A career vision board can be really useful for this as it can tap into your subconscious, plus it’s great fun to do! Read my blog on How to Create a Career Vision Board  for ideas.

If you’re still struggling identifying your direction then some external help, such as a career coach, can be a good investment.

Get Focused

Now you’re clear about what you’re aiming for, you need to draw up your battle plan! Having a strategy to get to where you want to be is essential for career success. Set yourself some goals to achieve your next steps. These can include:

  • Increase your expertise – are there gaps in your knowledge, skills or experience? Look at the roles you are interested in and do a gap analysis. Once you know what’s missing you can plan how to address them. This could be a mixture of spotting opportunities at work to do something new, e.g. lead a project, mentor a more junior staff member or present to the senior team. And self learning – increasing your knowledge through reading, online training, videos, etc.
  • Get some feedback – your current boss could be really helpful in getting your positioning right. Ask for feedback on what they think you need to be ready for the next role. Then ask for opportunities to build on this.
  • Increase your visibility – do a mini audit on your current profile like within your company or profession? Ask yourself whether you relish self-promotion or shy away from it because you don’t want to seem arrogant or pushy? Becoming more visible is an important part of making this year great. People need to know about your skills and abilities. Stuck for ideas – consider these:
    • writing and publishing articles on LinkedIn or in groups
    • taking part in your professional body’s network
    • making contact with the ‘right’ people in your company/industry
    • attending networking events to build your network (hate networking read this)
    • looking for opportunities to speak or present
    • talking about yourself and your achievements
    • having an opinion/voicing your ideas at work
  • Make a plan – take all your ideas and turn them into a plan for the year so you know how you going to make this the best year ever for your career.

Get Productive

Having a plan is one thing, actually delivering it is another! To be successful this year, you need to use your time well to avoid overwhelm. There are some great techniques out there, e.g. the Pomodoro technique, apps to monitor your screen time. Work out what works for you and make some changes to our routine to get the most out of your day.

Book a regular review with yourself to check in on progress. And find someone to keep you accountable, as this is a key part of staying productive.

Get the Right Attitude

When you’re stretching yourself and heading out of your comfort zone, the old confidence gremlins can kick in. You might find your saying more ‘I can’t’ rather’ than ‘I can’ Attitude and mindset are everything, and the good news is that you are, very much, in control of them. Working on your self belief is hard work but very necessary. If you need some help with this then you may be interested in my Career Confidence course which is packed with tools and techniques.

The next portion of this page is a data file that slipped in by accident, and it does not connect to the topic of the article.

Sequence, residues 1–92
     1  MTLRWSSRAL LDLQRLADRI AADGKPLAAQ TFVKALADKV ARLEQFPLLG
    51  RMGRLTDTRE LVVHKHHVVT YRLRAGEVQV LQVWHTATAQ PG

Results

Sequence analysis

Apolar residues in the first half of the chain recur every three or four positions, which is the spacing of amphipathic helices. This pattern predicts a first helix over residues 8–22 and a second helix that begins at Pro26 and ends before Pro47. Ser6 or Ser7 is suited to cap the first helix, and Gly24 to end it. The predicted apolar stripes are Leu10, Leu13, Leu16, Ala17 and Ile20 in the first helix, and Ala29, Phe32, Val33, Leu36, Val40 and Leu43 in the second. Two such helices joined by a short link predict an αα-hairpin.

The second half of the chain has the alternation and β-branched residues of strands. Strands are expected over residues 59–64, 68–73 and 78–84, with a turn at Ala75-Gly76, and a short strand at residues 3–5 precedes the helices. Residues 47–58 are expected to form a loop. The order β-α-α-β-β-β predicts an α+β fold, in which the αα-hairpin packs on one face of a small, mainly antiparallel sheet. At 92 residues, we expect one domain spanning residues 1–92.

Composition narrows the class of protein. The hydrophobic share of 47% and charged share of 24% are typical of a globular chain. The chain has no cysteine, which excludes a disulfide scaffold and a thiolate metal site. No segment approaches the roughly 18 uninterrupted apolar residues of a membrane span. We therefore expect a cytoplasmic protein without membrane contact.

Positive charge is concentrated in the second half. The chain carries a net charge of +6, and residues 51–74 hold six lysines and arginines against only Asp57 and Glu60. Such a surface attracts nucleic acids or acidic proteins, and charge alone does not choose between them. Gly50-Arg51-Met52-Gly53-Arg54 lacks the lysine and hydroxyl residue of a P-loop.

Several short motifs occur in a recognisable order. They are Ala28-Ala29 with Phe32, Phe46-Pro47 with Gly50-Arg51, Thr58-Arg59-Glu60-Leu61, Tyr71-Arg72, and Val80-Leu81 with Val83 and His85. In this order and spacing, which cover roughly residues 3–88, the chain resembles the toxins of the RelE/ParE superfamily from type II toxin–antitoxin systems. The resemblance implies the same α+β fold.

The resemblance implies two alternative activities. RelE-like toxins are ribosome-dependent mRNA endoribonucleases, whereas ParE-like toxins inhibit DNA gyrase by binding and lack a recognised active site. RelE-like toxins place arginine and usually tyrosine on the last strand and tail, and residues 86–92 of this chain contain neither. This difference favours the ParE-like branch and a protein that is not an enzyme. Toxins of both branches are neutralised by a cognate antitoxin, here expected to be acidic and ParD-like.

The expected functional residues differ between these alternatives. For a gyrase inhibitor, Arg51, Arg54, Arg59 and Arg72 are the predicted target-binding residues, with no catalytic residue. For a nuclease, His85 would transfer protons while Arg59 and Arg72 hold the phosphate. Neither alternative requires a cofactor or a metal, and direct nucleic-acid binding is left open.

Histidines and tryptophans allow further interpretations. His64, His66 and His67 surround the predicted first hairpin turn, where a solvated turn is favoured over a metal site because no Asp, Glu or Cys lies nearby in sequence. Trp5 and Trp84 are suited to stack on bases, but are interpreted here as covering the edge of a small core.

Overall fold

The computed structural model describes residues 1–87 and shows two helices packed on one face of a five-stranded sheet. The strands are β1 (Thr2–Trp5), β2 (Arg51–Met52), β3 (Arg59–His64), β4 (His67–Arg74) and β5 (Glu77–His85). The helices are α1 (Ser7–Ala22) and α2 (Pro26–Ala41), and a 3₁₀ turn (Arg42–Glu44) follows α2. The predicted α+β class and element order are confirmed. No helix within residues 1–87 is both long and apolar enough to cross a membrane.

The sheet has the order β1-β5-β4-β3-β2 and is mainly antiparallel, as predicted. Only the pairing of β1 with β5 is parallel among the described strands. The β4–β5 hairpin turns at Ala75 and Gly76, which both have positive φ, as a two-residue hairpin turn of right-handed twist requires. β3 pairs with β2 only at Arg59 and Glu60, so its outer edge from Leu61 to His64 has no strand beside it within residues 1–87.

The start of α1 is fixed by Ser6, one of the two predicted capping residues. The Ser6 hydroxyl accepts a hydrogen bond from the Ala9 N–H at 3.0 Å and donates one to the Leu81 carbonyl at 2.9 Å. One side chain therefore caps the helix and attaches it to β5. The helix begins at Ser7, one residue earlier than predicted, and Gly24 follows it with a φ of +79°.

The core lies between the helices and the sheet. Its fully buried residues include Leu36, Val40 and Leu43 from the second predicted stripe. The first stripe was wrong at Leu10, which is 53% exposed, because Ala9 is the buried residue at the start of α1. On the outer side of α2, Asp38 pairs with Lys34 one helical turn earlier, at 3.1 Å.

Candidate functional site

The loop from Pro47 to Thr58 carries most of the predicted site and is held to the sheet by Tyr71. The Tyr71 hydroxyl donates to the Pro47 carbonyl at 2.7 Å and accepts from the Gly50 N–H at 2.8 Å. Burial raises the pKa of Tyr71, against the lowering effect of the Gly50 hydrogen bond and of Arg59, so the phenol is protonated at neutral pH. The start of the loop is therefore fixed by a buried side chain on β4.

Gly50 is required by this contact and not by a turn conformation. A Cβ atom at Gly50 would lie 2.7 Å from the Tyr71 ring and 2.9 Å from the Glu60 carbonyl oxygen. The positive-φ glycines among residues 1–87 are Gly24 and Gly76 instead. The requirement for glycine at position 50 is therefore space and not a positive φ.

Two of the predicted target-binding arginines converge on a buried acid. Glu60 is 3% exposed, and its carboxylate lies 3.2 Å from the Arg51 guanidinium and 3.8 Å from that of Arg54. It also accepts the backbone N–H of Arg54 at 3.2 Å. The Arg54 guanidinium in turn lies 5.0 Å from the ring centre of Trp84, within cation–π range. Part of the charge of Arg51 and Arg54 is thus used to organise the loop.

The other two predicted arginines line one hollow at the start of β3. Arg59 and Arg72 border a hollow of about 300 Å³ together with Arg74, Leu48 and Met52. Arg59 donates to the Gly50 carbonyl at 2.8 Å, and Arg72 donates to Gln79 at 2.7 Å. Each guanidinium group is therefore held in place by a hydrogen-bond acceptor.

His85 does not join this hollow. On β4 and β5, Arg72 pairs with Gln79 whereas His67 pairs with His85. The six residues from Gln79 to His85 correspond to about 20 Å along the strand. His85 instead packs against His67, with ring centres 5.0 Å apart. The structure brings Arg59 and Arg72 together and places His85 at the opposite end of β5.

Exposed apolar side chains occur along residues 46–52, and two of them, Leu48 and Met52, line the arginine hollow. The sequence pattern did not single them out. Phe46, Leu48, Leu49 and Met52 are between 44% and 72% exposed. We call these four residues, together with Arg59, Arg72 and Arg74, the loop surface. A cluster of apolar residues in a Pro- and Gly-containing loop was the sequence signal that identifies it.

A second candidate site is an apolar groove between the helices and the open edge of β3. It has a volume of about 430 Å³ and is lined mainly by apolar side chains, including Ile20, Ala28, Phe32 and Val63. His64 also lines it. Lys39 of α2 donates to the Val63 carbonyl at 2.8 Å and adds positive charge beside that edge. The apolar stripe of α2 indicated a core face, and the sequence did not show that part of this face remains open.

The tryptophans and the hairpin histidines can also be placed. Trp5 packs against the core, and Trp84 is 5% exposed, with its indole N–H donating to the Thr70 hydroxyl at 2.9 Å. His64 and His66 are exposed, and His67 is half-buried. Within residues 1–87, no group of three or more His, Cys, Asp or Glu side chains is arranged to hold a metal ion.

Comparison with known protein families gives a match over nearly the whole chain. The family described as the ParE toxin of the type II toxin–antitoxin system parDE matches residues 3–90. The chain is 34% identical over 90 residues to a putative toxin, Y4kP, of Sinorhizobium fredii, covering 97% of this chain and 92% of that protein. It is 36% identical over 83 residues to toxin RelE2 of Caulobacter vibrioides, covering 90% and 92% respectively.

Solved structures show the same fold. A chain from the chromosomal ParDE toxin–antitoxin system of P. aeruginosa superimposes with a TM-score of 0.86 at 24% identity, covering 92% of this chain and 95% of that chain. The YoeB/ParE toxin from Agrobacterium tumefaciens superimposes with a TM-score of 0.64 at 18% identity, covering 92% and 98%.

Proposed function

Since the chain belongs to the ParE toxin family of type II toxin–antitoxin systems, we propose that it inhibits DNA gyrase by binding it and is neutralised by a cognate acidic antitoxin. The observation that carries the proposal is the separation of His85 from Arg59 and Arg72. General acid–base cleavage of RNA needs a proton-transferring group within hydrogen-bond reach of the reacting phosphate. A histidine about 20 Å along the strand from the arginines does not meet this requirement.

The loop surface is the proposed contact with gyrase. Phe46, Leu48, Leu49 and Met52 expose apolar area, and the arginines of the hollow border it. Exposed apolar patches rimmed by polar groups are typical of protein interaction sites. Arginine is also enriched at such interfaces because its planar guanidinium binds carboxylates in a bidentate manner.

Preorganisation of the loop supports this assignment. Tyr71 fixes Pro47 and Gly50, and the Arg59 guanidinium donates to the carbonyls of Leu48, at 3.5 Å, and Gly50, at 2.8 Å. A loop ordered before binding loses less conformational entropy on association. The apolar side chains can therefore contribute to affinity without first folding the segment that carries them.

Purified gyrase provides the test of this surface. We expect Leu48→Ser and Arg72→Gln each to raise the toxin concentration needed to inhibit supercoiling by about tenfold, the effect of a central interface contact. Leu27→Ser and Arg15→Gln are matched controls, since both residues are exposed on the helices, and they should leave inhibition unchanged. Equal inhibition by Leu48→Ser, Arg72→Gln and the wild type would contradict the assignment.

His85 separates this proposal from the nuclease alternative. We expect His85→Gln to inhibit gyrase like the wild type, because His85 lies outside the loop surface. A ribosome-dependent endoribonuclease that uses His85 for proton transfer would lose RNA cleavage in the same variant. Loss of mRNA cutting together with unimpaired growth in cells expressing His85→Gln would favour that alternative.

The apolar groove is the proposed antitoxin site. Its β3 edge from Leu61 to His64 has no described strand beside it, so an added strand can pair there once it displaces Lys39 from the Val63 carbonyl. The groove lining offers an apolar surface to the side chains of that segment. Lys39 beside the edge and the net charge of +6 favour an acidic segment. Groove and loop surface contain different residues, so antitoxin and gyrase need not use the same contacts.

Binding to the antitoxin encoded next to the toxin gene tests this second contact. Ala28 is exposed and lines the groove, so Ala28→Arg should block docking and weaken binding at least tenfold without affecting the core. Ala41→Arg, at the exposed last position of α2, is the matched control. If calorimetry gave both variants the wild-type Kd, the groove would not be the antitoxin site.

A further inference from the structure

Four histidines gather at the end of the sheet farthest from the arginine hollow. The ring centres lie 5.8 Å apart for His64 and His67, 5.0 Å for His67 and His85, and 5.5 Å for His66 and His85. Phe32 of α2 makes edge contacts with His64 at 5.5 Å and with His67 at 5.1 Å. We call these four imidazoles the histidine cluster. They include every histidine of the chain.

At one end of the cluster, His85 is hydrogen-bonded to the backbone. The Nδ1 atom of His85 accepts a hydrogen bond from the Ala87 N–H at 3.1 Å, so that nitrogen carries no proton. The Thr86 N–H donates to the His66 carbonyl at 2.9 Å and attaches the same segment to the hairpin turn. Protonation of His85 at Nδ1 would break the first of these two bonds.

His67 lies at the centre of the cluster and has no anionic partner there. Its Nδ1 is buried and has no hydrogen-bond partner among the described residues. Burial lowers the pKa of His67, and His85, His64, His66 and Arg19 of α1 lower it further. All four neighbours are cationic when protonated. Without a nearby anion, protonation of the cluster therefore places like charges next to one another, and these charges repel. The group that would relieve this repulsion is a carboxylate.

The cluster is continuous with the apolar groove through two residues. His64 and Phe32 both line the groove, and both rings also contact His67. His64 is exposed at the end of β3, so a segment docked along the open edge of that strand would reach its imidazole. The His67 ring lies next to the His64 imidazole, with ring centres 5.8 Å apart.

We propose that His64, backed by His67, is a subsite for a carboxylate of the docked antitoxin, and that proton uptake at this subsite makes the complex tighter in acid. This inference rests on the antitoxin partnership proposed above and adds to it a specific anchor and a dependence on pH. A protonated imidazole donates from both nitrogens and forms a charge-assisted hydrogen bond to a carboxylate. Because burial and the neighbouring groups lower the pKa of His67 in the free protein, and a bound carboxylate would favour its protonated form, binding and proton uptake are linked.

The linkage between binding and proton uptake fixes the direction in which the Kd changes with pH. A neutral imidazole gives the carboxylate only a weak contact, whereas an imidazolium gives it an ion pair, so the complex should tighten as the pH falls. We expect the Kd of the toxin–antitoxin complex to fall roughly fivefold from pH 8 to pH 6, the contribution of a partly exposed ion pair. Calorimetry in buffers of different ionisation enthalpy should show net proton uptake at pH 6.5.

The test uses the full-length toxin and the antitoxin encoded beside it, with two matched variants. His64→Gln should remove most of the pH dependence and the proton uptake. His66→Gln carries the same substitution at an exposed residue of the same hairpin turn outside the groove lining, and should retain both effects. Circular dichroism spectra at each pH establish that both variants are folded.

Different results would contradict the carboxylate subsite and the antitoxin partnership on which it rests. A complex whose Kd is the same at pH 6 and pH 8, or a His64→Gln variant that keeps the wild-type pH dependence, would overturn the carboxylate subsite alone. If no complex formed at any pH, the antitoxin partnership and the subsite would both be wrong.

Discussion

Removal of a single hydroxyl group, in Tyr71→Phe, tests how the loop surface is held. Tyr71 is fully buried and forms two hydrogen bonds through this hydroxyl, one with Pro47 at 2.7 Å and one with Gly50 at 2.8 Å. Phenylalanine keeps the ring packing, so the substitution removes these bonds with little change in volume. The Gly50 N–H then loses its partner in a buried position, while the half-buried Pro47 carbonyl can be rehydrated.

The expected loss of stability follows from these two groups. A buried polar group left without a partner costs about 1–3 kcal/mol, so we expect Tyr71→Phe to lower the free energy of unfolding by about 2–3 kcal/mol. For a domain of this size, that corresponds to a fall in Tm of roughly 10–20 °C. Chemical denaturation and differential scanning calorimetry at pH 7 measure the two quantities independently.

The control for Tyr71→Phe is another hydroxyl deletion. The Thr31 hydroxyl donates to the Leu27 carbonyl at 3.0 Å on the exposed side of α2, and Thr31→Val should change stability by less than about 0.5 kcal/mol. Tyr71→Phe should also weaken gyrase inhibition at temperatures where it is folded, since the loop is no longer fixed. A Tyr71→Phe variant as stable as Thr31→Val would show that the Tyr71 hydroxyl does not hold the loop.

If you know you’re holding yourself back or have a self limiting belief that is getting in your way, you may find some specific coaching support can make all the difference to putting yourself n the right headspace for change.

Get Resilient

Resilience is that ability to bounce back from challenges and difficulties. Just in case your move to your next role is not plain sailing, make sure you reflect and learn from knock backs and difficult situations.

Go For It!

Take charge and make 2019 the best year ever for your career.

I will be launching my Career Success Group Coaching Programme this summer. Places will be limited so if you’re interested in finding out more sign up for the waitlist here.

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How to fall back in love with your job

Remember when you first started your current job – how excited you were? How much love you felt for it. How you loved going to work. Has the novelty worn off? Is the honeymoon over? Has the reality of what you do every day kicked in? If you’re now in the twilight zone of your job relationship and feel a sense of dread on Sunday evening then something’s got to change.

It’s tempting to dust off your CV, give your job the old ‘heave ho’ and make a move to something new and more exciting. But before you do, consider if you can fall back in love with your job. Just like a relationship, you don’t have to go straight to divorce, with a bit of work you can salvage what’s good.

Here’s how to fall back in love with your job:

Take time to reflect

Make space to get a bit of distance from the day to day and have a good think about your job. This could be a holiday, a weekend away or even just take a day off. You need to get some perspective. Ask yourself three questions:

 – What do you enjoy about it?

 – What are the good bits?

 – Can you do it in a different way that will reconnect you with it?

Ask for what you want